Kurt Tasche My Cancer Story My PET Scan Test For Cancer

My PET Scan Test For Cancer

PET scan test for cancer

A PET scan test for cancer is a common practice with patients who have finished chemotherapy. I was given mine a few months after my last treatment session. In this post, I want to talk about what a PET scan is, and my experience in having one done for me.



A PET, or Positron Emission Tomography, scan is an imaging test used to detect disease in the body, and is most commonly used by oncologists in detecting any remaining traces of cancer in a patient’s body. It’s very similar to a CAT scan, yet is more indepth. It is the most accurate and indepth way of detecting cancer in the body.



Because a PET scan test for cancer is so indepth, it is also very expensive. This is one reason why it is used only after a patient shows no signs of cancer through other means (blood tests, CAT scans, etc).   It also exposes the patient to radiation for longer periods than a normal CAT scan.  There is also no need for repeated PET scans, unless a patient shows signs of a relapse of the disease.


My experience started when the PET scan was scheduled. I was told to eat a very low carb and high protein diet the day of the scan, and to drink plenty of water. When I arrived at the hospital for the test, I first went to the admitting desk. From there, I went down to radiology, got checked in, and waited. From there, one of the radiology techs came to get me in a wheel chair, and took me outside to a special trailer set up for Pet scans.



One of the first things in a PET scan test for cancer, is testing the blood sugar. The level of sugar in the blood must be no higher than a certain amount, which is why I was told to eat a low carb diet. After my blood sugar was checked, and the levels where good, they then injected me with a radioactive sugar water solution. What happens is, any cancer cells will come out of hiding and immediately go for the sugar, and the radioactive dye in the solution is used by the PET imaging scanner to photograph and detect any cancer.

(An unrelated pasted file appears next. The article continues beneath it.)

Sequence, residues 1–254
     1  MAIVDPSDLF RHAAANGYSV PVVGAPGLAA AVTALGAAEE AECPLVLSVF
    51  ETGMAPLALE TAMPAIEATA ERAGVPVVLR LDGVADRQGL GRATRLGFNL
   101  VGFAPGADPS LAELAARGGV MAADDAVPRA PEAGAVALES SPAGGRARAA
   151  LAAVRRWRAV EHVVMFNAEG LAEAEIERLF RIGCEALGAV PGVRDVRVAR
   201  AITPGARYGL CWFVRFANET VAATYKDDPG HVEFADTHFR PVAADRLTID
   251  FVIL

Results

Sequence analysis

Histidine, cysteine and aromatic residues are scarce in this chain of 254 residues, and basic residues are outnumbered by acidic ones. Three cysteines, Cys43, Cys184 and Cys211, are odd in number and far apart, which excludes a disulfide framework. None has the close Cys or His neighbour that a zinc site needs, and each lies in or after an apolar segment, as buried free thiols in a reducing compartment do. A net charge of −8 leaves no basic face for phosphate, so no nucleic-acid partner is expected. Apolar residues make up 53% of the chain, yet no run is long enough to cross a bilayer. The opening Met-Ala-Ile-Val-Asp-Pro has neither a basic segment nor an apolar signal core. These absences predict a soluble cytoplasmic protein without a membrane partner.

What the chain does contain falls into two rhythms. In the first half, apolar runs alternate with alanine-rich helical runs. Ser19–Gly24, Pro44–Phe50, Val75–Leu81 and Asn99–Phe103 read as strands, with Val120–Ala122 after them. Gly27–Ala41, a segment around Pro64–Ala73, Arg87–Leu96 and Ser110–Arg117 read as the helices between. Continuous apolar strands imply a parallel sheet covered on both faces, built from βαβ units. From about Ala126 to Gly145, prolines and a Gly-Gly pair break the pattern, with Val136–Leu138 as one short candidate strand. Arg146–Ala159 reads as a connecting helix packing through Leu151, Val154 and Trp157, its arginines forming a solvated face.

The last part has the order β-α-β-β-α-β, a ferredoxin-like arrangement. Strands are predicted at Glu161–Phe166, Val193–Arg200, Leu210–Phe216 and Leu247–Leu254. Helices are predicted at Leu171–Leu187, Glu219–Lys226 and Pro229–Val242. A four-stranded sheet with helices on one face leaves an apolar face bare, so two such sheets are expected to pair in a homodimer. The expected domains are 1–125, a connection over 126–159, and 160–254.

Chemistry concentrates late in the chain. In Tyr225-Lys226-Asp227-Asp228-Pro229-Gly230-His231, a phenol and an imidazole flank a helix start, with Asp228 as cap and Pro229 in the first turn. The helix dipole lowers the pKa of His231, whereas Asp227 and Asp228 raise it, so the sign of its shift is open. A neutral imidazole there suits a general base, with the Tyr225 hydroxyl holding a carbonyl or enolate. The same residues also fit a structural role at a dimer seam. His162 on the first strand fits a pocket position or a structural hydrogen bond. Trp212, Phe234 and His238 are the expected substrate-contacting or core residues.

After the injection, they had me lay on the scanning table and rest. It takes time for the sugar solution to go through the body, and for any cancer cells to “take the bait”. I rested for about half an hour, then was woken up by the tech. I went to empty out my ostomy bag, and then went back to the scanner.

The process of a “PET scan test for cancer” is similar to a normal CAT scan. The difference is that, it is a slower and longer process. The idea is to be as thorough as possible. The entire process, from the time I got to the trailer, until I was finished, was close to 4 hours.


After the PET scan, the radiology doctor read the scans, and sent the report to my oncologist. I saw my primary doctor about a month after the PET scan, and asked her if she could find out the results for me, since I wouldn’t see my oncologist for atleast another month after that.  She checked the report, and the results of the test showed no sign of any cancer in my body. My husband was with me when I got the news, and as you can imagine, we where extremely ecstatic!


So, now that my chemo was finished, and my PET scan came back clear, the next step was to get radiation on the testicle area, to ensure that all cancer there was killed after my orchiectomy. That will be the subject of a future post. For now, I had piece of mind knowing that the PET scan test for cancer detected no remaining signs of the disease.

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